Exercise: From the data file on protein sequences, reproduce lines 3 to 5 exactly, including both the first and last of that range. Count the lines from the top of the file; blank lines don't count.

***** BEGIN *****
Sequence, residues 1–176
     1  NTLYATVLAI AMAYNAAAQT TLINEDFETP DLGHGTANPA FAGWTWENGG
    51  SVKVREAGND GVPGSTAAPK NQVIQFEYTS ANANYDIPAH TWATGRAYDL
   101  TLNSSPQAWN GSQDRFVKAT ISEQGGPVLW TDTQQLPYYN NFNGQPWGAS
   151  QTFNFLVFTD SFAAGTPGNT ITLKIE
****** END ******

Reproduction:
    51  SVKVREAGND GVPGSTAAPK NQVIQFEYTS ANANYDIPAH TWATGRAYDL
   101  TLNSSPQAWN GSQDRFVKAT ISEQGGPVLW TDTQQLPYYN NFNGQPWGAS
   151  QTFNFLVFTD SFAAGTPGNT ITLKIE